Saturday, March 25, 2017
Back to the Good Duke
After some months of writing other material, I am back to translating The Chronicle of the Good Duke, Louis II of Bourbon. (I am astonished to see, by the way, that I started this translation in 2010.) It's a fascinating view of one of the great warrior-princes (no, not Xena) of the first half of the Hundred Years War. The best part of the chronicle is, however, what it says about the knights and squires who fought in Louis' service. I've written an article about the Chronicle in the Journal of Medieval History, if you are fortunate enough to be near a library that carries it.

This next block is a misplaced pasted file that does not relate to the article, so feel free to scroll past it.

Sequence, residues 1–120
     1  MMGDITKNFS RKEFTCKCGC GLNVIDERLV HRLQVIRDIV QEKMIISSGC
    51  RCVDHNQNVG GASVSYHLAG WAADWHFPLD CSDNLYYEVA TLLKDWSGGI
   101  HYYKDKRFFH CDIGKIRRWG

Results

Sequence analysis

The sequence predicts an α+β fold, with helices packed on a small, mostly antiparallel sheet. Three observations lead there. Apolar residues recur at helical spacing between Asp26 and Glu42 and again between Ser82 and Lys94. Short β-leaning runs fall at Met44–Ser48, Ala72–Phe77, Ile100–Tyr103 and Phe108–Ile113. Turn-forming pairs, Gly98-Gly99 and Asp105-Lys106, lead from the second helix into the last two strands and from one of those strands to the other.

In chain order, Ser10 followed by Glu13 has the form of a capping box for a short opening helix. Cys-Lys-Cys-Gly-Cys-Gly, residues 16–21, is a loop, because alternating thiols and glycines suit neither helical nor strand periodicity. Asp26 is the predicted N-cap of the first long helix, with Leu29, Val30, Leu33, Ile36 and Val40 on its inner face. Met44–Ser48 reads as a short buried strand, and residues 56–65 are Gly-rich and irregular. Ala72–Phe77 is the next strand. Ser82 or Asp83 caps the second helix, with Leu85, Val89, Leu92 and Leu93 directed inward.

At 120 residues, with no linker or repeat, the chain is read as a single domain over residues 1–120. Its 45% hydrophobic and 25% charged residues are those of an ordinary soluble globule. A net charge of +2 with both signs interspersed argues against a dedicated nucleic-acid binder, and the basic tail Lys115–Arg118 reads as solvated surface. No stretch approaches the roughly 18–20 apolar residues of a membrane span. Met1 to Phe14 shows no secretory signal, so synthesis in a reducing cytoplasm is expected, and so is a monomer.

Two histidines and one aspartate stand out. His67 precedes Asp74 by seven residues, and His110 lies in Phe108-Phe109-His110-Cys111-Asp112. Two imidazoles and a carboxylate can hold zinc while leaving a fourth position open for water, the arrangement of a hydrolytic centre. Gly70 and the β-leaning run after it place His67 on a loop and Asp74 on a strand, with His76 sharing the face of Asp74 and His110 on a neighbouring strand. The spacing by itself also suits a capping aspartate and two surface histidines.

The Chronicle has its challenges. It was written by an obscure hanger-on of the Bourbon family, one Cabaret d'Orville, who doesn't seem to be the master of the French language that he might be. He is excessively fond of sentences that begin with "and." I once told a friend that if I simply eliminated every "And" that began a sentence -- just the "and" not the sentence -- the Chronicle would be a third shorter.
Well, I tested that theory yesterday when I set up MS Word to search for an initial And. And it told me that in 240-some pages there were 707 Ands I could get rid of.
Done and dusted. Simplest bit of editing I've ever done.
Image: Yes, that's him, as the 15th century remembered him.